Zarif: Soleimani, Khamenei determined Iran’s foreign policy; Russia opposed nuclear deal
WASHINGTON DC (Kurdistan 24) - In a lengthy, bombshell discussion, Iranian Foreign Minister Mohammad Javad Zarif, complained of his lack of control over the making of Iranian foreign policy, which, he said, was really set by Qassim Soleimani, who headed the Qods Force of Iran’s Islamic Revolutionary Guard Corps (IRGC) until his assassination in January 2020, as well as by Iran’s Supreme Leader, Ayatollah Ali Khamenei.
Zarif also revealed that Russia, working with Soleimani, had sought to sabotage the 2015 nuclear deal, formally known as the Joint Comprehensive Plan of Action (JCPOA), “because it was not in Moscow’s interests for Iran to normalize relations with the West,” according to a New York Times report, published on Sunday.
Zarif’s statement runs contrary to the view of the Biden administration, as it seeks to restore the JCPOA. It maintains that countries like Russia and China share America’s strong commitment to preventing the proliferation of nuclear weapons. However, Zarif’s remarks suggest that Moscow puts a higher priority on gaining advantage in its rivalry with Washington than it does in blocking the spread of nuclear arms.
The leaked audiotape was part of an oral history project meant to document the achievements of Iran’s current government under President Hassan Rouhani, who assumed office following Iran’s 2013 elections. Iranian presidents are limited to two four-year terms, so Rouhani will step down in August, following the next round of elections in June.
The interview was conducted in March, according to Iran International, a London-based Persian media outlet, which first reported the story and shared the tape with the Times.
It is unclear who leaked the tape or why, as the Times noted. A spokesman for the Iranian foreign ministry “did not dispute the authenticity of the recording, but questioned the motive for the leak,” it said.
The leaked sections of the audiotape portray Iran’s elected officials, including Rouhani, as largely powerless figures, who carry out policies for which, the broad parameters, at least, are set by others.
Suggesting a US misunderstanding of Tehran’s political system, in 2013, Time magazine, after Rouhani was first elected president, named him as one of the world’s 100 most influential people.
But that is quite wrong, according to the Iranian Foreign Minister.
“In the Islamic Republic, the military field rules,” Zarif stated. “I have sacrificed diplomacy for the military field, rather than the field servicing diplomacy.”
According to Iran International, Zarif described his role in determining Iran’s foreign policy as “nil.”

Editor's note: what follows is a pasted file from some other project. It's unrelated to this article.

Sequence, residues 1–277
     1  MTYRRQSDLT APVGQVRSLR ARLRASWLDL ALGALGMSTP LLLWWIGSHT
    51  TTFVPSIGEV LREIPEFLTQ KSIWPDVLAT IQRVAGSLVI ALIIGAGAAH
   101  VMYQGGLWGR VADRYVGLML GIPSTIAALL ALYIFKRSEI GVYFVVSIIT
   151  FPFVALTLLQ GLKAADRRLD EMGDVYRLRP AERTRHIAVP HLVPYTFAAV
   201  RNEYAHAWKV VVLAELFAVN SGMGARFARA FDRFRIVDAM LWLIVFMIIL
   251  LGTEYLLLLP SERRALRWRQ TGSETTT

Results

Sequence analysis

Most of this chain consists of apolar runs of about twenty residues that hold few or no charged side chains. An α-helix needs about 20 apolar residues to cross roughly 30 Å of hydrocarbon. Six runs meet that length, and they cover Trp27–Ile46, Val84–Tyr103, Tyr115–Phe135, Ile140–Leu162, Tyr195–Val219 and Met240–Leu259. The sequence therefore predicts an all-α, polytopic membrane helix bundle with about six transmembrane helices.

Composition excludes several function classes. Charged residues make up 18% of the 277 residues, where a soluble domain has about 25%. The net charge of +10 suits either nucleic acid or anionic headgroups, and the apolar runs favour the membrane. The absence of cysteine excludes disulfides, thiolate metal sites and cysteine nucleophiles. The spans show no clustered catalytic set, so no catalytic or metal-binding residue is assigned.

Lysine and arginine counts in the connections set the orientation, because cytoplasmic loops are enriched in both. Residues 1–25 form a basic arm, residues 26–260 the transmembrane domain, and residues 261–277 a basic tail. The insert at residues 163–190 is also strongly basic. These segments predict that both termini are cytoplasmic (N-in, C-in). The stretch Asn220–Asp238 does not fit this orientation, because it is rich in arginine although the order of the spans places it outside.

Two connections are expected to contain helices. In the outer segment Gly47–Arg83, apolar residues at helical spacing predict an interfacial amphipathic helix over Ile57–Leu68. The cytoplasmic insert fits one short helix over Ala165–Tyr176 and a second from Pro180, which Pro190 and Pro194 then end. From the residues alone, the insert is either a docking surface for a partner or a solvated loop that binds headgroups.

On Feb. 1, as the Biden administration began its efforts to revive the JCPOA, Zarif, in an English-language interview with CNN, suggested that the European Union’s foreign policy chief, Josep Borrell, could “choreograph” the steps to be taken by the US and by Iran to return each side to compliance with the nuclear accord.
Following those remarks, however, Khamenei “forcefully rebuked” Zarif, as that was not Iran’s official line at the time, which was, in fact, to reject them. However, it should be noted, that indirect talks on reviving the JCPOA did, indeed, begin earlier this month.
For all his criticism of Soleimani, Zarif did make clear his importance. “By assassinating him,” the Times reported, “the United States delivered a major blow to Iran, more damaging than if it had wiped out an entire city in an attack.”
Zarif’s understanding of Iranian politics carries both positive and negative implications for the ongoing negotiations over reviving the JCPOA.
On the positive side, it suggests that Iran’s upcoming elections will not significantly affect the course of the talks. The Iranians doing the negotiating are not the individuals making the decisions.
On the other hand, the Biden administration has said—repeatedly—that once it has succeeded in restoring the JCPOA, it will use the remaining, non-nuclear sanctions, like those imposed for Iran’s support for terrorism, to address other areas of Iran’s malign activities, including its ballistic missile program and its support for proxy forces, including in Iraq.
Zarif’s comments, however, suggest that Tehran will likely reject such restrictions, because its military activities are very important to those individuals who really hold power in Iran.
“Under Soleimani’s influence, [Zarif] had to further a diplomacy that would serve Iran’s interests in its military operations in the region,” Iran International reported, as he “stressed that Iran always attached priority to its war operations.”
Editing by John J. Catherine